Moneybox

Why Taxing the Bejesus Out of the Rich Might Be Useful, Even if It Doesn’t Actually Raise Much Money

Tax cut protester
Reasonable request.
Lindsey Wasson/Reuters

What’s the point of raising taxes on the rich? If you asked most Americans that question, my guess is you’d get a response that might sound something like this:

1. The government needs money.

2. Rich people have all the money (or, at least, much more of it than they realistically need to live happy, healthy, Burberry-clad lives).

3. Ergo, we should tax the rich.

This answer has plenty going for it, including a whiff of common sense. But there’s another important rationale, which is mostly popular these days among thinkers on the political left. The main reason to hike top tax rates, in this view, isn’t to keep the deficit in check; it’s simply to keep individuals from becoming too wealthy, because inequality is itself toxic for society.

That’s the argument economists Emmanuel Saez and Gabriel Zucman laid out Tuesday in a New York Times op-ed. Their hook, of course, is Rep. Alexandria Ocasio-Cortez’s idea to raise the top tax rate to 70 percent on incomes of more than $10 million, which has sparked a monthlong debate about the virtues of soaking the rich. Saez’s own work has featured heavily in that conversation; in 2011, he co-authored a well-regarded paper that suggested the economically optimal top tax rate would be 73 percent, research that has been cited by Paul Krugman, among others. In their Times piece, he and Zucman argue that “root justification” for slapping tax rates on multimillionaires “is not about collecting revenue.” Rather, it’s about combating inequality and “safeguarding democracy against oligarchy.”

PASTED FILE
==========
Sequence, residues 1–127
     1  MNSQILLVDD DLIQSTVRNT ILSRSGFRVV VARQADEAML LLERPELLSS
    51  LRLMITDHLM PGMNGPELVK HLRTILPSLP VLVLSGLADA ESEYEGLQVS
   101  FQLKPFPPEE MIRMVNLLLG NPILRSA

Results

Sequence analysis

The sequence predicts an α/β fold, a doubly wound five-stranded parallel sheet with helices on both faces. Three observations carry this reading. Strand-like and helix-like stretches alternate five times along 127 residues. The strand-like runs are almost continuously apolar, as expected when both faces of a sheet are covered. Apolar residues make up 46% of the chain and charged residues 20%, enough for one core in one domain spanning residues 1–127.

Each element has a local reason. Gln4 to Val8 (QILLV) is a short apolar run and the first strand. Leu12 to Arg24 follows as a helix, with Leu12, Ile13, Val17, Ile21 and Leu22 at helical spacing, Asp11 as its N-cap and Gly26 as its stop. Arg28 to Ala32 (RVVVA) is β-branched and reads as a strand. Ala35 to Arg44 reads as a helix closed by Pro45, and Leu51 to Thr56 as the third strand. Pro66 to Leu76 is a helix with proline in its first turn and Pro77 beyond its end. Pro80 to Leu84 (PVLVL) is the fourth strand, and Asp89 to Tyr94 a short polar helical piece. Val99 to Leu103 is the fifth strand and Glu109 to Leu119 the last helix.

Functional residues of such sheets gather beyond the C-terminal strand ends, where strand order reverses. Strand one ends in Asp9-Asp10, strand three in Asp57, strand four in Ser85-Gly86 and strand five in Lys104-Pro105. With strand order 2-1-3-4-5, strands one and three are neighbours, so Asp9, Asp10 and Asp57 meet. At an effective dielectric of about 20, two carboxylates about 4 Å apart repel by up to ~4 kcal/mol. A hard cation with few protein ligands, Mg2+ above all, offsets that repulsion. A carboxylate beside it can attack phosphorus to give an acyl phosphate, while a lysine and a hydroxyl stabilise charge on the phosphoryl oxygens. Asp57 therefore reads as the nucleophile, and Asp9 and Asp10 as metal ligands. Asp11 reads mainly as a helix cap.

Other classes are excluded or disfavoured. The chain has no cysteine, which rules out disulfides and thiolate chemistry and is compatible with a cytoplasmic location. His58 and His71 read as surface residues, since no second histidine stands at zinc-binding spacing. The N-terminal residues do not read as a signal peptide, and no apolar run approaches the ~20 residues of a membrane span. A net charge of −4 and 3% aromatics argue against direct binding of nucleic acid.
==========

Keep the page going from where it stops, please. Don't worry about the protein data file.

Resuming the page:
This is, suffice to say, a very different way of talking about taxation than what we typically hear in Washington, where the subject is treated as a necessary evil and hiking rates on millionaires is framed in terms of making the affluent pay their “fair share.” Saez and Zucman, like many on the left, don’t think of the issue that way. Instead, they believe the ultra-rich themselves are a policy problem the government needs to address, because an “extreme concentration of wealth means an extreme concentration of economic and political power.” (See: Sheldon Adelson, the Koch brothers, Michael Bloomberg, the Mercers, Tom Steyer, etc.) By this reasoning, high taxes are one solution—a tool for keeping the plutocracy in check. If they also happen to help the federal budget pencil out, that’s just gravy.

What makes their argument especially interesting is how Saez and Zucman believe high taxes reduce inequality. It’s not, as you might expect, because the government uses them to redistribute income. The economists note, for instance, that the 90 percent tax rates of the 1950s only applied to a minuscule slice of Americans whose earnings amounted to about $6.7 million or more in today’s dollars. Conservatives often present this fact as evidence that those rates were a mostly symbolic sham. But Saez and Zucman suggest that the opposite was true. The fact that hardly anybody paid those rates was a sign of their near-total success: